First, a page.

In this feature, we explored organic farming at Quan Fa Organic Farm with JJ (Business Development).
When Quan Fa founder Mr Liao Chuan Huat (Quan Fa) first started his farm, located at Lorong Serambi in 1979, it was originally a conventional vegetable farm that had yet to use organic farming methods. In 1998, during his visit to Taiwan, he was introduced to organic farming by local farmers. Then in 1999, after a visiting Japanese farmer taught him a unique Japanese composting technique, Mr Liao was convinced on the benefits of organic farming and subsequently converted his farm to an organic farm within a matter of months. Ever since then, the farm has been cultivating organically-grown vegetables for the large masses of Singaporeans. Over the years, Quan Fa has grown from a small organic vegetable retailer to one of the leading distributors of organic vegetables and fruits in Singapore today.
About the Farm
Quan Fa Organic Farm is a family-run operation, where Mr Liao Chuan Huat, his wife, Madam Eng Yock Kee, and their son, Jun Jie, personally see to the daily operations of the farm. The farm relies on field cultivation and uses soil-based organic farming methods to grow their crops. Despite the increasing challenges of the Singapore farming industry, Quan Fa Organic Farm has stuck to their beliefs and their mission of applying ecological agrarian methods of farming, abstaining from the use of pesticides and harmful fertilizers, to produce only the freshest food crop that is both nutritious and healthy. The farm currently occupies a 2 hectare plot on Murai Farmway, after having to relocate from their previous location at Lorong Serambi, which was slated for redevelopment for military use. The farm has a beautiful natural backdrop, which is an increasingly rare sight in highly-urbanised Singapore. We highly recommend Quan Fa for their fun and educational farm tours; great for family and school visits.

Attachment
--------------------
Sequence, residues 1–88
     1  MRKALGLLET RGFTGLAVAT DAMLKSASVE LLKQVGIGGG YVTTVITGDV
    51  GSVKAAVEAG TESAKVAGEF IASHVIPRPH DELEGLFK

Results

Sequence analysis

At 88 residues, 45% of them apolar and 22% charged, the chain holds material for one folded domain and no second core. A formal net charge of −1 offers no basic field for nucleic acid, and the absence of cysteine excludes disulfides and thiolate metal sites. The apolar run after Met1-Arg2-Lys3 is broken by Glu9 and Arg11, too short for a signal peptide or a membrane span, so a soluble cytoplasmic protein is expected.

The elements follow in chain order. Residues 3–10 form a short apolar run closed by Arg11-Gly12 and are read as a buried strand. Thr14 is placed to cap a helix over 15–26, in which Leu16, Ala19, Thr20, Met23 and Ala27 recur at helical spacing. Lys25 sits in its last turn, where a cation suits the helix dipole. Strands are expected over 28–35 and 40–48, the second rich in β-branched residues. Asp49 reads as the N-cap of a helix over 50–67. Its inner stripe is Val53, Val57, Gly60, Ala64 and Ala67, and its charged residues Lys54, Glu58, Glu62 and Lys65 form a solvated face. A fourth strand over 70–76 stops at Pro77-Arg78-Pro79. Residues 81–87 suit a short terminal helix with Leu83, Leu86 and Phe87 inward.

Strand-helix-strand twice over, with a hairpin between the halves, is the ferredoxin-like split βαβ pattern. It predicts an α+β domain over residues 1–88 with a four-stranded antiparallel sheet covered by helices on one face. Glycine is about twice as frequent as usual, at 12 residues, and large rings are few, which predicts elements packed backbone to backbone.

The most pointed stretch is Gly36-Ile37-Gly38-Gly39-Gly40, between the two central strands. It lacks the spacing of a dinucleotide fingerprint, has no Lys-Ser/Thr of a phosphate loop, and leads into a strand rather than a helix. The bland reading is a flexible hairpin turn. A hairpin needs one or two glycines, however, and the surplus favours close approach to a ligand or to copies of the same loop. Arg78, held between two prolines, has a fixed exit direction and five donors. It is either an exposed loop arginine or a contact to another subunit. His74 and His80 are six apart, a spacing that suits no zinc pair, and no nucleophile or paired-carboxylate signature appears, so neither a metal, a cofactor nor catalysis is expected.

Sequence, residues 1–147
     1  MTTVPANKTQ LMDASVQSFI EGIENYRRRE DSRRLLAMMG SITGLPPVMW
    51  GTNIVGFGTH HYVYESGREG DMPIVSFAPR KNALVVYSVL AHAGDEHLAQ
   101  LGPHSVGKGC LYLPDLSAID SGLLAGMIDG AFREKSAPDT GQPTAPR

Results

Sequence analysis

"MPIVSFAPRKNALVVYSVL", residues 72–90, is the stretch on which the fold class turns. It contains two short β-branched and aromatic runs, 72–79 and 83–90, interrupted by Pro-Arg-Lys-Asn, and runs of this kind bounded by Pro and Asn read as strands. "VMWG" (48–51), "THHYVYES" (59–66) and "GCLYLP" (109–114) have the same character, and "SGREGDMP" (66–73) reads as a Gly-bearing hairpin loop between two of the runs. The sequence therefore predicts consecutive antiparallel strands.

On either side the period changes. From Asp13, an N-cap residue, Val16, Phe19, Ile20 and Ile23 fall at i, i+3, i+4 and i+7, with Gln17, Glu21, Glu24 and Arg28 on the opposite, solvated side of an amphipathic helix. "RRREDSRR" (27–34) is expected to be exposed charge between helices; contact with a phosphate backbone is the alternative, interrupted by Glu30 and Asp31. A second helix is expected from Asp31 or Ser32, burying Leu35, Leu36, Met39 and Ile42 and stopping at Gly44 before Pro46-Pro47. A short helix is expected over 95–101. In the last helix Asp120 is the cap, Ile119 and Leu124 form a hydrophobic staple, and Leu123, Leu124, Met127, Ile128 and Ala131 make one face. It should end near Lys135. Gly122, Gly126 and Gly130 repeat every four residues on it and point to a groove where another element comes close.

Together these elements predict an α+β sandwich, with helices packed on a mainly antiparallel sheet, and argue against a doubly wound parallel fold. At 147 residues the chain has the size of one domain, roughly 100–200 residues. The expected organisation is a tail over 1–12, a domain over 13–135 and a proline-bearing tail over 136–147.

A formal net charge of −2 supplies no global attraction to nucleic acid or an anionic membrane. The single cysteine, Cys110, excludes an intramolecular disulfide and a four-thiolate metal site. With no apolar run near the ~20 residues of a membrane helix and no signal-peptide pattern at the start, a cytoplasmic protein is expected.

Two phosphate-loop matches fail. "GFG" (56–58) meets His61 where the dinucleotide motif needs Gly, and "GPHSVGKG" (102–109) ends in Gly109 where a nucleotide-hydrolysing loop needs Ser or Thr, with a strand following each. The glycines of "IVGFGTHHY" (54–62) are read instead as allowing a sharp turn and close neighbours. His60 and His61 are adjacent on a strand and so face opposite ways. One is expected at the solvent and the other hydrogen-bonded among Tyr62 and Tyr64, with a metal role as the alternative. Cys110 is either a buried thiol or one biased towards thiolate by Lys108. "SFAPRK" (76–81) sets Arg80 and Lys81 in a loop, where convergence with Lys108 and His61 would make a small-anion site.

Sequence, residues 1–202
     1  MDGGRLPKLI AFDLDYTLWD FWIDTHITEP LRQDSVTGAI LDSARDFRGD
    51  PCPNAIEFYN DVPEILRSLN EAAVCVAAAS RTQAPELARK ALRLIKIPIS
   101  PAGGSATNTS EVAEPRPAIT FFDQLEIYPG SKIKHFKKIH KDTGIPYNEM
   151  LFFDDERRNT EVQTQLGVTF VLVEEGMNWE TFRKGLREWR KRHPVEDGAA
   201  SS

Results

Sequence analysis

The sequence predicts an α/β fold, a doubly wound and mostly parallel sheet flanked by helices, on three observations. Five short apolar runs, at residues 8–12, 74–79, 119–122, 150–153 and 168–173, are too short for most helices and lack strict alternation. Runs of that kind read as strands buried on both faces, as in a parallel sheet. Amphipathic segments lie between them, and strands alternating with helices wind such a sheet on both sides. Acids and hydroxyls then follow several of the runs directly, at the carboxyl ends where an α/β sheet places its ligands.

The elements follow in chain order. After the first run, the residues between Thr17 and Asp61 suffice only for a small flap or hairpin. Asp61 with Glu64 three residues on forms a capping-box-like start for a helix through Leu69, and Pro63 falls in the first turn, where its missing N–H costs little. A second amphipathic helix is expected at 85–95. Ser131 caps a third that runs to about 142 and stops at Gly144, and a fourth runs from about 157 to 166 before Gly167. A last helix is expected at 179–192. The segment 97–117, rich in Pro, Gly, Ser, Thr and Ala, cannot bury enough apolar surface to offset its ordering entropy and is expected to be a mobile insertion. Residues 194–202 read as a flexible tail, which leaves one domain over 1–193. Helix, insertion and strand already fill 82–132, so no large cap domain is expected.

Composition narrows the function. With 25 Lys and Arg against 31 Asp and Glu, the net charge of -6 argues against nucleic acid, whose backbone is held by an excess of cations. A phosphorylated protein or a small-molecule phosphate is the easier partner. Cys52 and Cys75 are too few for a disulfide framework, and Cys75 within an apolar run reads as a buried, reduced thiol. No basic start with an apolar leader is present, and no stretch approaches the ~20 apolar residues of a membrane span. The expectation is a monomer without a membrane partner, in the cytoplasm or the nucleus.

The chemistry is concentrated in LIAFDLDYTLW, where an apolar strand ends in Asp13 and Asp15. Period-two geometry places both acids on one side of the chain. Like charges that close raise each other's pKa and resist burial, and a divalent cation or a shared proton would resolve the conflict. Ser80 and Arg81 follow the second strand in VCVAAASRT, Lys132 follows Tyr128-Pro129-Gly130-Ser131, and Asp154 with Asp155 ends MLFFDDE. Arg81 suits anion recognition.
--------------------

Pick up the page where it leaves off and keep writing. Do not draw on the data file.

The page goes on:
Organic Farming @ Quan Fa
Singapore currently does not have its own organic certification standards. Nevertheless, Quan Fa has been employing proper organic farming methods and is in the process of getting organic certification from Organic Agriculture Certification Thailand (ACT). Farming at Quan Fa is carried out without any synthetic and chemical fertilisers, herbicides, fungicides or pesticides. Instead, it relies on a combination of strategies to maximise productivity and quality of the crops, to minimise pests, weeds, diseases, wastage and pollution.
Compost is a key component of organic farming that allows for the elimination of synthetic pesticides and chemical fertilizers. Quan Fa’s compost system originated from a Japanese technique known as the Takahama Compost System. It uses a unique culturing medium that eliminates the odour of the decomposing raw materials. The medium subsequently produces a nutrient-rich organic debris; which deters the rate of damage caused by disease infection and insect infestation. The compost is used throughout the farm to condition dead soil back to its arable state, which eventually enhances and stimulates plant growth. Quan Fa’s eco-friendly compost provides nutrient rich soils from which highly nutritional and healthy produce is grown.